The virus mainly affects the human endothelial and epithelial cells known as fibroblasts. These fibroblasts usually make up the muscle and joint tissue. As the infection progresses, these fibroblasts are damaged and epithelial and endothelial cells die. The injury to the fibroblasts results in muscle and joint pain.
For many years, it has been widely known that ascorbic acid (vitamin C) has a variety of functions with clinical efficacy. It is a water-soluble antioxidant, and has been used to prevent many diseases or infections like the common cold and other viral infections.3–6 Ascorbic acid scavenges reactive oxygen species (ROS), increases vascular and connective tissue integrity, improves immune function, and assists in leukocyte phagocytic functions.7
Vitamin C supplemented orally has its limitations in achieving high blood (i.e., plasma) levels, whereas the use of intravenous vitamin C (IVC) can reach blood levels that possess distinct clinical and pharmacological advantages. Vitamin C is absorbed in the gastrointestinal tract, where the body metabolizes a limited amount and the rest is excreted through the kidneys.8 However, if the vitamin is administered intravenously it can reach plasma concentrations that are 30 to 70 times higher than the oral pathway.
Ascorbic acid is also a nutrient for the immune system. Treatment of ascorbic acid in vitro resulted in an increase in T-cells and natural killer (NK)-cells, which constitute one of the main components of the adaptive immune system which fights against viruses and intracellular bacteria.3 It has been suggested the same effect can be achieved by IVC administration.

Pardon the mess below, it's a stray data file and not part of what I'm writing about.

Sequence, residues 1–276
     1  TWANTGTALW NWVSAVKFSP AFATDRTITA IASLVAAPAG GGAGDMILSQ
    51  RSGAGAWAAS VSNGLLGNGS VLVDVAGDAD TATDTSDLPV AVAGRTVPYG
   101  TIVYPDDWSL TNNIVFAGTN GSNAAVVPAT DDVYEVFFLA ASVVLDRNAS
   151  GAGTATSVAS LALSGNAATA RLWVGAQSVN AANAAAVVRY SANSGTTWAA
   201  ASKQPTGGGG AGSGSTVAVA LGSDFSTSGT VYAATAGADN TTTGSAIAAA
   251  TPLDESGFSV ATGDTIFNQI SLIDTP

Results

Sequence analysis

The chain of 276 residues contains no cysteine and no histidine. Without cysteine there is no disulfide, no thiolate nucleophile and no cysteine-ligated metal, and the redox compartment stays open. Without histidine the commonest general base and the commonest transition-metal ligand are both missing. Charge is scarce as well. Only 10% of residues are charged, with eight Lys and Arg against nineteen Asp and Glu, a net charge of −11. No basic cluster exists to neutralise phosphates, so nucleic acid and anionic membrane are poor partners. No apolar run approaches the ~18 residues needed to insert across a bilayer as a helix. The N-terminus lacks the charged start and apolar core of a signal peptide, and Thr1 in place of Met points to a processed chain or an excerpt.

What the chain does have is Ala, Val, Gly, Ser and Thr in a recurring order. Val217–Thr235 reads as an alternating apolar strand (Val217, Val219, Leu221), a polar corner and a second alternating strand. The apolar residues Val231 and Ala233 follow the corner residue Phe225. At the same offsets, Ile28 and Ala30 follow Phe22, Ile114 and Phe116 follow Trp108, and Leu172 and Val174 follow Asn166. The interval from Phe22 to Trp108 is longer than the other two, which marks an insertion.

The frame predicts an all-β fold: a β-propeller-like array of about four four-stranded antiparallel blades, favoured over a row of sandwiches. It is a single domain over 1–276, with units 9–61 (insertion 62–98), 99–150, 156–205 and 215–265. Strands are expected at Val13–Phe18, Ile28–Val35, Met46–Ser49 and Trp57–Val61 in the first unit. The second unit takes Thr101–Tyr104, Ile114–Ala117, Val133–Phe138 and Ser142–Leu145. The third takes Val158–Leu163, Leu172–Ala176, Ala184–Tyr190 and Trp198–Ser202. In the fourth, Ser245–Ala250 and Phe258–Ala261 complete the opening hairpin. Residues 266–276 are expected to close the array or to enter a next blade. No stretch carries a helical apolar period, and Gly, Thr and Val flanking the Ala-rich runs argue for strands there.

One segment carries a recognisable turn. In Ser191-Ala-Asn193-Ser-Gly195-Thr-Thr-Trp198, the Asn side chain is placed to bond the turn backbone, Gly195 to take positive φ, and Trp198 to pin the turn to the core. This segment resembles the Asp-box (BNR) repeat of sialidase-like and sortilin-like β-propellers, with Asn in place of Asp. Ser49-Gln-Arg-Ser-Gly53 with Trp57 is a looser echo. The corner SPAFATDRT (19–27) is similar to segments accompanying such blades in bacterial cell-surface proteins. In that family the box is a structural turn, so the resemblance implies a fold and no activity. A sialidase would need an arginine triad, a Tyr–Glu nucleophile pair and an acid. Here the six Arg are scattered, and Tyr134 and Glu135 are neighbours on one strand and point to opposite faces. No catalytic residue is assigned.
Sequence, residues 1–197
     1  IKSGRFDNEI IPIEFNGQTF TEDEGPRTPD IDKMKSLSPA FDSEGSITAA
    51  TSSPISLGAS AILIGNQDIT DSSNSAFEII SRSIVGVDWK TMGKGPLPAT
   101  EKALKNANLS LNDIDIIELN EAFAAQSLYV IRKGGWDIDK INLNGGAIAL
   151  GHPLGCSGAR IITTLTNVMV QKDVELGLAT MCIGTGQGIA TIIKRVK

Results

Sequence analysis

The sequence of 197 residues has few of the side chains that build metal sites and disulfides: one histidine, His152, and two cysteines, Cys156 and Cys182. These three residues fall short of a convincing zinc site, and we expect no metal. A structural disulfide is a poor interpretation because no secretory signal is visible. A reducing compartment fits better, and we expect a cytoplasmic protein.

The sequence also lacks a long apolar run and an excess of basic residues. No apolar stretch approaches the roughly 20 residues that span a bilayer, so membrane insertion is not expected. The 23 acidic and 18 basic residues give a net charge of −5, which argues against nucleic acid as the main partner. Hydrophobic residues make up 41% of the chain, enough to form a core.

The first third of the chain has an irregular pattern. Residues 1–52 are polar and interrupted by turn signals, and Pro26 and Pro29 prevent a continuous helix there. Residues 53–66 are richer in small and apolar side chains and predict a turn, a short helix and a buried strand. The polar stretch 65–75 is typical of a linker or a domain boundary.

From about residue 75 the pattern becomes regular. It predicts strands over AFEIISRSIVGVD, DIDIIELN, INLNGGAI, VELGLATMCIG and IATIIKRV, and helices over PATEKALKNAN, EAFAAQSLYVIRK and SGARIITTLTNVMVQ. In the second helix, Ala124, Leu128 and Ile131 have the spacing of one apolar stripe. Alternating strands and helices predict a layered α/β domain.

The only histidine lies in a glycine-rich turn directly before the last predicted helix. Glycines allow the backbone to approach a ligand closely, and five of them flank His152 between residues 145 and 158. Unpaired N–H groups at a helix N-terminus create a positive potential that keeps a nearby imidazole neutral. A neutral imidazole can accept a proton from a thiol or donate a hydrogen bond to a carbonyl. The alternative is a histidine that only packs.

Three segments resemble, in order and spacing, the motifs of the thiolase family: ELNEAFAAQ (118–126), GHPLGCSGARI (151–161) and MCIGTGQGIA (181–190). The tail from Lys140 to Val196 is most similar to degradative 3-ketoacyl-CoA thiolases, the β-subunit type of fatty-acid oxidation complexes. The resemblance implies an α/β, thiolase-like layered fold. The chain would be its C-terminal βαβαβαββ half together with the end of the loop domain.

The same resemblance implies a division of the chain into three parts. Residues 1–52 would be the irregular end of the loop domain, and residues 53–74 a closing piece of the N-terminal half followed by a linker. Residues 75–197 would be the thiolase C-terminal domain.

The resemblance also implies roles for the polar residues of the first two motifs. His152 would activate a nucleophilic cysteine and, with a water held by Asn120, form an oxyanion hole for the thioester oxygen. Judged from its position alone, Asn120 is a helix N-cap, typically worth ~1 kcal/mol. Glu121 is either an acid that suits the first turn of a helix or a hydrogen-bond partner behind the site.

Here we report a case of Chikungunya fever, treated with high doses (100g/day) of IVC in a period of two days and without any side effects.
Case Report Presentation
This is a case of a 54-year old Hispanic individual who reported severe arthralgia, left shoulder pain, left knee pain as well as a maculopapular rash and a high fever. The symptoms started on a Saturday in September 2014 a few hours before dawn. Next day the patient had a lab test for Chikungunya and dengue. He eventually was found to be positive for Chikungunya via an elevated immunoglobulin M (i.e., IgM) titre. The patient was treated with high doses of IVC (100g/day) for a duration of two days. In relation to lab parameters before treatment, the only abnormality was an extremely large increase in C-reactive protein/CRP (26.9 mg/L). This CRP measure after treatment was reduced to 15.8 mg/L. The symptoms of pain, fever, and rash resolved after the infusions without any side effects. The symptoms improved substantially in 24 hours and were absent the next day.